Sitting Down to Sunday Dinner at LaGlory’s Soul Food Café
"Charter members” and newcomers enjoy Southern classics at this welcoming East Side restaurant.
Marc Bradley is really good at feeding people.
When it comes to the actual cooking, though, the owner of LaGlory’s Soul Food Café is quick to give props to his kitchen staff. “If it’s not for those ladies back there, there’s no business,” Bradley says during a March interview at the restaurant. “They take care of this guy.”
While the ladies of LaGlory’s deserve endless praise, it’s worth noting that the vision for the restaurant—one based on community, family and classic soul food dishes—comes from Bradley. The Flint, Michigan, native opened LaGlory’s in 2013. He originally planned to serve in a consulting role in partnership with City of Grace Church, which owns the building where LaGlory’s is housed. But as time went on, Bradley began putting more of his own resources into it and was soon fully committed to running the restaurant.
Almost eight years later, LaGlory’s has found its footing with a solid menu, a devoted clientele, a sharp staff led by head cook Tia Wright and a robust carryout operation that has kept the restaurant going through the pandemic.
“What I tell everybody is, and I truly believe this, other than God wanting us to be here, there’s no reason why this restaurant is still here,” Bradley says.
Bradley often refers to the staff as family, and he means that literally. Several of Wright’s children work with her at the restaurant, and Bradley hopes to one day pass LaGlory’s on to one of his kids. Ever the gentleman, in a follow-up call he politely asks if I can mention his wife, Altheda. An HR specialist by trade, she helps out on the business side of LaGlory’s.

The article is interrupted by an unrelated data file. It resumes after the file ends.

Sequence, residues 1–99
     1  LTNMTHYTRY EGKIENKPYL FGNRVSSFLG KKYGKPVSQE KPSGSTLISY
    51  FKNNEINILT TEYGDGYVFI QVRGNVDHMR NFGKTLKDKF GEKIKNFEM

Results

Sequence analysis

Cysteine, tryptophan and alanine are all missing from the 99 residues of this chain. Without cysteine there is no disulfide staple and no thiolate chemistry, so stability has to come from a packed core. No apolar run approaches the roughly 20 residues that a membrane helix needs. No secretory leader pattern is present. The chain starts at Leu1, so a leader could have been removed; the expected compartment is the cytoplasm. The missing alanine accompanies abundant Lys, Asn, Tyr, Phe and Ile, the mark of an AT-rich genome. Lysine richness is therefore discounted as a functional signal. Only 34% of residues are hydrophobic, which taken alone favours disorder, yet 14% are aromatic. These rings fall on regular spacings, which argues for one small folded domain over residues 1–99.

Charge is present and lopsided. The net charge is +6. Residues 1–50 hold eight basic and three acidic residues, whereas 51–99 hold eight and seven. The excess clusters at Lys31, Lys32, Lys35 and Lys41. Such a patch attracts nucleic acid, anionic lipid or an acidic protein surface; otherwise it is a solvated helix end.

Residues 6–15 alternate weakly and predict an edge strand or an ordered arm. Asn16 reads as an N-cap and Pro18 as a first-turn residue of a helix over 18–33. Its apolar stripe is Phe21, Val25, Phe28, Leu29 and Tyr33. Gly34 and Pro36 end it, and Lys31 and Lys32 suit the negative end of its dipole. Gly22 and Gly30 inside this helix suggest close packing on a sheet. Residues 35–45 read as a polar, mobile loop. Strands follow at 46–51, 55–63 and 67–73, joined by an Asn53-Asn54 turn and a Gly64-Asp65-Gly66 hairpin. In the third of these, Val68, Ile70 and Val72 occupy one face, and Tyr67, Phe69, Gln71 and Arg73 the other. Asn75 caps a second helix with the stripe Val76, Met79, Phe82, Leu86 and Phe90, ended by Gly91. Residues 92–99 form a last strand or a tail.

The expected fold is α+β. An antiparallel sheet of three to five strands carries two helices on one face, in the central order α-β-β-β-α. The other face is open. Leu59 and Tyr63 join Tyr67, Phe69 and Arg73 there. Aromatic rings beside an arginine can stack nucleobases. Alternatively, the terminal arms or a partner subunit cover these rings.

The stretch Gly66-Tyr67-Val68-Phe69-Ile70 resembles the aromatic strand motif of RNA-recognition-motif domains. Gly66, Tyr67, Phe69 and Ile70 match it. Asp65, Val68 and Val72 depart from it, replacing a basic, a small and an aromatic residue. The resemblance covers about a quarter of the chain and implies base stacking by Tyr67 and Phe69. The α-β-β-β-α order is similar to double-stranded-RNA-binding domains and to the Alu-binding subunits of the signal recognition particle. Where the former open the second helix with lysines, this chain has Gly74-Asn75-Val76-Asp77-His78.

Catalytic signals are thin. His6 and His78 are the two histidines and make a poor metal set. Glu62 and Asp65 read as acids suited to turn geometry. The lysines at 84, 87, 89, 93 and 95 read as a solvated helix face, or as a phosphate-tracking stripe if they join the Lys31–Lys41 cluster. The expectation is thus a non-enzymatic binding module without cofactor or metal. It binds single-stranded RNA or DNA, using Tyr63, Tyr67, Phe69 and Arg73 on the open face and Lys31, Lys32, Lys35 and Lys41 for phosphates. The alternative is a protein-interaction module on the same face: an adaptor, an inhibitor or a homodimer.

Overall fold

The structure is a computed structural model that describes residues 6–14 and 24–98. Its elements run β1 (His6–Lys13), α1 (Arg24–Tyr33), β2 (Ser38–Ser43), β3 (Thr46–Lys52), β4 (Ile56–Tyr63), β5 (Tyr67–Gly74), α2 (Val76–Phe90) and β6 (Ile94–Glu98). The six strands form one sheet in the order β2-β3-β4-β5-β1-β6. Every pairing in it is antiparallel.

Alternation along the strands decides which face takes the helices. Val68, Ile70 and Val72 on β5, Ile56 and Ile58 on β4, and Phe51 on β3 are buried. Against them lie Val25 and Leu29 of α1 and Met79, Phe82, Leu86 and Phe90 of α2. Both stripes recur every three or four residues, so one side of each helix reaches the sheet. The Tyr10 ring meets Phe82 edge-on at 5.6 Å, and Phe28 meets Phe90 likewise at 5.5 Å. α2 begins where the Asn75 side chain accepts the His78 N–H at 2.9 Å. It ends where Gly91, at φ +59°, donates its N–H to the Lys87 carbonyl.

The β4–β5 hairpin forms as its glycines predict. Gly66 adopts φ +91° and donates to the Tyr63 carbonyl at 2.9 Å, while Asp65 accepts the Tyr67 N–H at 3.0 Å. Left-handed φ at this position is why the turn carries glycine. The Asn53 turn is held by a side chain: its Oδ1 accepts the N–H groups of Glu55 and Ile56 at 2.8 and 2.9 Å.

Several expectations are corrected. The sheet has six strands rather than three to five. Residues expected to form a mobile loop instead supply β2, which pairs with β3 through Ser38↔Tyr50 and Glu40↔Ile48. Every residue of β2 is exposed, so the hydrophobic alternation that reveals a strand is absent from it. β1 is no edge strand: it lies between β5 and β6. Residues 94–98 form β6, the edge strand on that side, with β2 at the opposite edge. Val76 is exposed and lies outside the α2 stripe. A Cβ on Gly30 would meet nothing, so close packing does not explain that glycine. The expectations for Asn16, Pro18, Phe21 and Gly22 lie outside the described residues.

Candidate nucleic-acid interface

The warm, friendly atmosphere of the restaurant will be familiar to anyone who has spent time in a close-knit congregation. Staff dish up food behind a cafeteria line, and a chalkboard menu takes up a large part of one wall. The other walls are decorated with Black artworks, several depicting scenes from Columbus history. During our interview, Bradley stops to chat with customers and joke with his staff. He fondly mentions the restaurant’s “charter members”—those customers who are known by name and order—and looks forward to opening up for dine-in service again in the near future.
LaGlory’s serves the kind of fare that would be right at home on a Sunday dinner table: fried chicken ($9.49-$10.89), catfish ($11.49) and meatloaf ($10.99). Meals come with cornbread and a choice of two sides such as mac ’n’ cheese, collard greens and yams. And you can’t skip dessert. There’s a rotating cast of cakes—lemon, pound, carrot ($4.95 per slice)—and a stellar banana pudding to choose from.
The restaurant’s top seller is its smothered pork chops ($10.49, with two sides and cornbread). The dish is an ode to a Columbus notable, the Rev. Charles E. Booth, the late pastor of Downtown’s Mount Olivet Baptist Church, which Bradley attended. “When he’d come back from New York, he would always talk about how he had the smothered pork chops at Sylvia’s,” Bradley says, referring to the landmark Harlem restaurant. “I said if I ever open up a restaurant, I want to do smothered pork chops.”
As we’re wrapping up our conversation, Bradley looks toward the front door. One of LaGlory’s “charter members” has just walked in.
“How long you been coming here, Ms. Nichols?” he calls to the familiar face.
“Eight years,” she responds. “Ever since y’all been serving that good food.”
LaGlory’s Soul Food Café
3350 Allegheny Ave., East Side, 614-237-5844, lagloryscafe.com